Fixing the BMW motorcycle front drum brakes

The biggest reason for weak front brakes, that I remember, is that the shaft that the arm rotates is tight in the bushings.  One may remove the shoes and find that the levers seem to move freely.  Don't believe it.  They must be removed to be cleaned and re-greased.  Before one removes the arm, read below to see if the arms are in the correct positions.  If they are, mark the shaft with a punch, as shown in the photo.  This will save you some time. See the "alignment" mark at the top of the shaft, right at where the arm has the gap? That way one can reassemble it exactly as it was.  If you are not sure that your levers are on in the best place now, you can look at these photos to help decide. 



This photo shows a close up of the slash 5 BMW motorcycle front brake backing plate.  The important adjustments are shown.

See the angle of this forward brake arm?  Your brake arm should be about this same angle.

Installing a new front brake cable on your BMW motorcycle

1.  I suggest that you confirm that the arms are installed correctly first.  Then set the front arm travel first.  It should have about 3-4 mm (1/8" to 3/16") of travel.  Don't obsess over this measurement, as you just may change it later anyway.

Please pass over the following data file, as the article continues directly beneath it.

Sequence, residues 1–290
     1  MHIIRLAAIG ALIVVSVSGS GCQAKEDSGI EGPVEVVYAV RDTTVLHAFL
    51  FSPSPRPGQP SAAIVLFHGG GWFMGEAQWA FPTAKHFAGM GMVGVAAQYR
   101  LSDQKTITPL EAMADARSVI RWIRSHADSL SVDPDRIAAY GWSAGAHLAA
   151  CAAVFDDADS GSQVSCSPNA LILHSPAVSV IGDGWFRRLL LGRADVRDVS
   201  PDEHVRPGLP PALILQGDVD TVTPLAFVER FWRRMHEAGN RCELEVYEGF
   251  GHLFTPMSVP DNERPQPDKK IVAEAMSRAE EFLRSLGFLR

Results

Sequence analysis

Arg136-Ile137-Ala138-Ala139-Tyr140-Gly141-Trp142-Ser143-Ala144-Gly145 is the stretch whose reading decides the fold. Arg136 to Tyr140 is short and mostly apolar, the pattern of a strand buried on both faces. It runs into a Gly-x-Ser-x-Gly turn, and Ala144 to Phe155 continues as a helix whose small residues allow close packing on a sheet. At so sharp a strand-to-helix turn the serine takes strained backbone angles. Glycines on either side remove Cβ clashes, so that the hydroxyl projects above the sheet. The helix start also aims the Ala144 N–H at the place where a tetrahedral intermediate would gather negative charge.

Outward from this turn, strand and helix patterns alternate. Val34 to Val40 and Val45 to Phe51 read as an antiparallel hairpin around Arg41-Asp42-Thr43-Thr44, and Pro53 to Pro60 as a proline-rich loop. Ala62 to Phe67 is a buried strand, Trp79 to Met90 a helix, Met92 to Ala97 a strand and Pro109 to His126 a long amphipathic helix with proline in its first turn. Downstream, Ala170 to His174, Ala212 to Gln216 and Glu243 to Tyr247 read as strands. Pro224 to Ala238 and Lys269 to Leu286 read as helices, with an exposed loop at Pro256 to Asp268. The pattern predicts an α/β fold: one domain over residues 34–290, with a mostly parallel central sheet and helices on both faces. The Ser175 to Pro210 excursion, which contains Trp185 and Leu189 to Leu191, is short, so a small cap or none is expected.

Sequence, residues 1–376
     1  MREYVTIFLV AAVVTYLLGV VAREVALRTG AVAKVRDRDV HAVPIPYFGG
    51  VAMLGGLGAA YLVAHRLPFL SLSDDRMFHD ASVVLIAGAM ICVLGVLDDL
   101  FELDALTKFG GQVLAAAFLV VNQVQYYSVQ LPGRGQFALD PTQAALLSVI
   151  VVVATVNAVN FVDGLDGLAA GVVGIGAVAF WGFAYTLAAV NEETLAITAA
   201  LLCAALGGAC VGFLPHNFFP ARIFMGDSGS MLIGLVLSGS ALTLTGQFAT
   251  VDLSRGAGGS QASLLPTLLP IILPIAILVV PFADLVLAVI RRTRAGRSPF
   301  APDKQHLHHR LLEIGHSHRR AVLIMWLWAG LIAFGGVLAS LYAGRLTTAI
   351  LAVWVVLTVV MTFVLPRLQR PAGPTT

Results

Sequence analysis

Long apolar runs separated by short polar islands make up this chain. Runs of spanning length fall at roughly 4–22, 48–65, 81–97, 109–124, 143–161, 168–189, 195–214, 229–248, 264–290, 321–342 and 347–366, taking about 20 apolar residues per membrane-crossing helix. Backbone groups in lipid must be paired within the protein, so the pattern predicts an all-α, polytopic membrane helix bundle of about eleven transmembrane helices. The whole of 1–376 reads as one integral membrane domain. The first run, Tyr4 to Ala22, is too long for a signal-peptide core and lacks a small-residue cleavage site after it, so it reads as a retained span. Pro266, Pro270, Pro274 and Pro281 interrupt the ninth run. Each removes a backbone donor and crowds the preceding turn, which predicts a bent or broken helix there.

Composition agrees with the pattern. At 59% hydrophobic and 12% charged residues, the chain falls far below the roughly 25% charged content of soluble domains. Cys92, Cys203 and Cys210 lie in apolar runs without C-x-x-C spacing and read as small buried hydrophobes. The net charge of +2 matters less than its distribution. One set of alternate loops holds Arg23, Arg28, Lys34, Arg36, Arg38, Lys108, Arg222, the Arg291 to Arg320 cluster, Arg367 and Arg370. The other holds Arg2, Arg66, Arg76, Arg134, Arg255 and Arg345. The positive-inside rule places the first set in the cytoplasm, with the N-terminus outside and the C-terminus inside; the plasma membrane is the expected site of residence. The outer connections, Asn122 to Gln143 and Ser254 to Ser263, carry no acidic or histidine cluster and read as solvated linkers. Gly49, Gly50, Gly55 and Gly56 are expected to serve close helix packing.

To adjust it, you must adjust the stop screw, or cam.  On the back side, out of sight, is a cam that is the adjustable stop for the brake shoe.  The adjustment is located just behind and below the forward arm pivot.   It is shown above as the "13 mm locknut adjuster" in the center of this picture.  Inside it is an Allen screw that uses a 4mm wrench.  Loosen the lock nut first.  The screw can not be adjusted due to pressure from the brake shoe.  To remove that pressure, reach up and pull the front brake lever with your left hand while you turn the wrench to it's limit, with your right hand.  Turn the 4mm wrench either way, as it amounts to the same thing.  When it comes to a hard stop, back it off a "smidgen" and tighten the lock nut.  The thing I can't tell you is what is a "smidgen."  To test it, pull the brake lever and release it a few times.  Check the travel distance of the arm.  Also the wheel should spin freely, which means it has no brake drag.  You want the least amount of lever movement that still has no drag of the wheel with brakes off.  This will get you very close.